Revenge is part of the Haitian culture for those who are not Christians. Friday was a day that was chosen for revenge by some bandits. Pastor Pierre has some people in his congregation who live in a mountain village called “Nouveau Torrelle”. A 54-year-old man and his son were met by their home by a group of bandits. The son was shot a couple of times in the hand and his father got shot 3 times in his neck, shoulder and leg area. The bandits fled the area. The men in the village made a stretcher out of a sheet and a couple of tree branches and took turns carrying the stretcher over the mountain trails to the nearest road. The police transported the 2 injured people to the Medecins Sans Frontieres Hospital, which is located on Delmas 19. The son was treated and released but the father needed surgery to remove the bullets. Pray for the injured as they recover. The son had some sort of dispute with another person and this person arranged for the bandits to come up from Port-au-Prince to take revenge. We talked with the family at the hospital on the weekend. The police did arrest a couple of people but haven’t yet captured the people who did the shooting. Pastor Pierre is going to encourage the people in this village to communicate with the “Casec” (government representative) and amongst themselves in preventing another situation like this re-occuring in their area.
Early Friday morning we drove over to the Amiral Killick Coast Guard station, which is located in the Martissant area. Dorothy, Deedee, Chris, Kez and the children they were finding help for all got into Kimosabee the pickup truck. We got there early but there was already a large lineup of people. I dropped them off and went with Dorothy and her child Poutchino to go see a pediatric pulmonologist who was scheduled to work at the Cite Soleil clinic that was being held. We thought it would be held at the St. Katherine Hospital inside Cite Soleil but when we got there no medical team was there. There just happened to be a Haitian carpenter that I knew there who knew where we needed to go. He went along with us to drive to the Varreux Terminal area, which is out of Cite Soleil in an industrial area. We went to a couple of gates looking for information and just happened to meet a security guard who we knew and he gave us details exactly where it was. It was then that we found it. Contacts sure come in handy sometimes in Haiti! I took photos of the area and put them on my blog. It sure doesn’t look like a place where a medical clinic would be held! There were a lot of people standing and everyone wanted to be first into the gate. It took awhile for everyone to form a line. Finally people were let in when things were more orderly. We stood off to the side and were able to bypass the line with the paper we had in hand. A rara did go by on the street passing the clinic while we were outside waiting by the gate and soon after a low flying helicopter came by. I think that the soldiers inside the helicopter wanted to watch the rara too! Once we got inside the clinic area everything was very organized. There was even a portable x-ray machine there! Poutchino got a chest x-ray done and the pulmonologist examined him. He is a 6-year-old hydrocephalus boy who has been living at Dorothy’s. He is aspirating while he drinks and this is causing lung problems for him. The doctor at first wanted to get surgeons on board the ship to do surgery to put in a stomach feeding tube but in the end it was decided as being too risky. Vanessa of Angel Missions is going to try and find medical care for him in the United States. Pray for Poutchino because his lung problems are causing him to suffer from chronic oxygen deprivation. After we brought Dorothy and Poutchino home we returned back to the coast guard station and waited for the others.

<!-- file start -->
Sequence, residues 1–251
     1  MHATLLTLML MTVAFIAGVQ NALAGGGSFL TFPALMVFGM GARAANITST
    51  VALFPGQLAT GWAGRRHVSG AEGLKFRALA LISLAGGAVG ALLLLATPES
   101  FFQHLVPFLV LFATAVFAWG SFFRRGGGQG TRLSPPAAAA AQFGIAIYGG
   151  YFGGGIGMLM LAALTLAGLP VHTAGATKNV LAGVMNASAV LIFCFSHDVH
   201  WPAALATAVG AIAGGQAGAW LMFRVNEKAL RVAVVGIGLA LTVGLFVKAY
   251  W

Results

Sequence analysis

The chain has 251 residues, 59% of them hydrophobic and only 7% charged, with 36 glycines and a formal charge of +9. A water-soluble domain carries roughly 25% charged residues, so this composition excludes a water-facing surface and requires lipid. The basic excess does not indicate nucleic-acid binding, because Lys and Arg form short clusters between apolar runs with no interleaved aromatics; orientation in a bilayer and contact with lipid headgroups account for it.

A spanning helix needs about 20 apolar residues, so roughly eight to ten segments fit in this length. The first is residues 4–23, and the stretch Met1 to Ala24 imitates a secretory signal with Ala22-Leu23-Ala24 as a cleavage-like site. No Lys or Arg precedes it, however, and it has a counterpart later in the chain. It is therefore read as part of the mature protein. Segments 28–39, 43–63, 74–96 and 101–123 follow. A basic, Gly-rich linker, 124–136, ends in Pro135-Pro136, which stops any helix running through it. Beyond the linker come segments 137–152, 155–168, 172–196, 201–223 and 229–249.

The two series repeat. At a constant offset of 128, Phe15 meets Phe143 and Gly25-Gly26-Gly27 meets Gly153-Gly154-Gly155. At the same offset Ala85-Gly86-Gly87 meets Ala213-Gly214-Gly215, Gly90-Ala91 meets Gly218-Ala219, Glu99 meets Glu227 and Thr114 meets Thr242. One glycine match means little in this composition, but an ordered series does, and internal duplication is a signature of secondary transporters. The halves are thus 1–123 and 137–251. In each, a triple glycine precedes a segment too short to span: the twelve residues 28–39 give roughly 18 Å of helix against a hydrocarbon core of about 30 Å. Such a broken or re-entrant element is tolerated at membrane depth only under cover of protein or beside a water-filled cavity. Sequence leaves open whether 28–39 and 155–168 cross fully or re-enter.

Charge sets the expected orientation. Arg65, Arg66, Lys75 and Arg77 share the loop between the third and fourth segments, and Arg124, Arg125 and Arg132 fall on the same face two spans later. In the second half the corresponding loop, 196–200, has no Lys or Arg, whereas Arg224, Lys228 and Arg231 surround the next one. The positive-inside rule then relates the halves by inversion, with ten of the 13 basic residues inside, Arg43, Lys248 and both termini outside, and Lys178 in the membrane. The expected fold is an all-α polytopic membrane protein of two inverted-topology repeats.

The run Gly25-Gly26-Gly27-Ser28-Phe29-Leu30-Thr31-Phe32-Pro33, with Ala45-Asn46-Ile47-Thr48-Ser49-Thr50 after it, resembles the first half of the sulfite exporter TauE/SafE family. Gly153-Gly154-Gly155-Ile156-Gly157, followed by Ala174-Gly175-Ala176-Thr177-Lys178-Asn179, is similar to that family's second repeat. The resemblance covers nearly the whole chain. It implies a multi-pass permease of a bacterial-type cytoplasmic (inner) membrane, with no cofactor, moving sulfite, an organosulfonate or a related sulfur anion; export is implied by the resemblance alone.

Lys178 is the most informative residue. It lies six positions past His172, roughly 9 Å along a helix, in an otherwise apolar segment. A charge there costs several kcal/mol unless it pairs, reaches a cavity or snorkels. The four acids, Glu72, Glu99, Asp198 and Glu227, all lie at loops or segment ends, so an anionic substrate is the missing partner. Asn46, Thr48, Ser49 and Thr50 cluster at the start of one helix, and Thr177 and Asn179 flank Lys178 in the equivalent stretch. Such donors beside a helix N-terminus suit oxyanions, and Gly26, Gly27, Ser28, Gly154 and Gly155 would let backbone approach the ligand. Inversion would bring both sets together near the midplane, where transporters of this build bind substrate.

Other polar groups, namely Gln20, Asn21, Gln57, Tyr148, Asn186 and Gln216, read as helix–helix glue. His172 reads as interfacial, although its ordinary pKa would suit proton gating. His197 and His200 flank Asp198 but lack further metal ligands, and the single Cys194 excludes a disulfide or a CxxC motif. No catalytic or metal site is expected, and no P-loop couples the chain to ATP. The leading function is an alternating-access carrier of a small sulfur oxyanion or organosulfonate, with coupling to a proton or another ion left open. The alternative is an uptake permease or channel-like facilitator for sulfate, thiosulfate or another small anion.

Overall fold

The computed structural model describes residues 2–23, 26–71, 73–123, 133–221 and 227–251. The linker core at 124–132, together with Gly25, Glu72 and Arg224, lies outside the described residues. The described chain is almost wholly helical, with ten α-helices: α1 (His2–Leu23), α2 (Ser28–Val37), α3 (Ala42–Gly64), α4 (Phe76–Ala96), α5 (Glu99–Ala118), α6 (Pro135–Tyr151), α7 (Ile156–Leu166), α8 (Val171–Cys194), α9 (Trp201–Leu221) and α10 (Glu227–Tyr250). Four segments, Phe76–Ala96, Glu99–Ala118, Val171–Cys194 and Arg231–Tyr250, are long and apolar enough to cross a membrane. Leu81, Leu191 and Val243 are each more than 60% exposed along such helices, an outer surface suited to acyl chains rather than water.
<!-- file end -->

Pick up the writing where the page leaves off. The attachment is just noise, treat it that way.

There is a lot more that happened this past week but I am going to have to write about it in the next update. It sure was great to be this busy! That’s all the news for today. Have a blessed Easter!
Karen Bultje, Coram Deo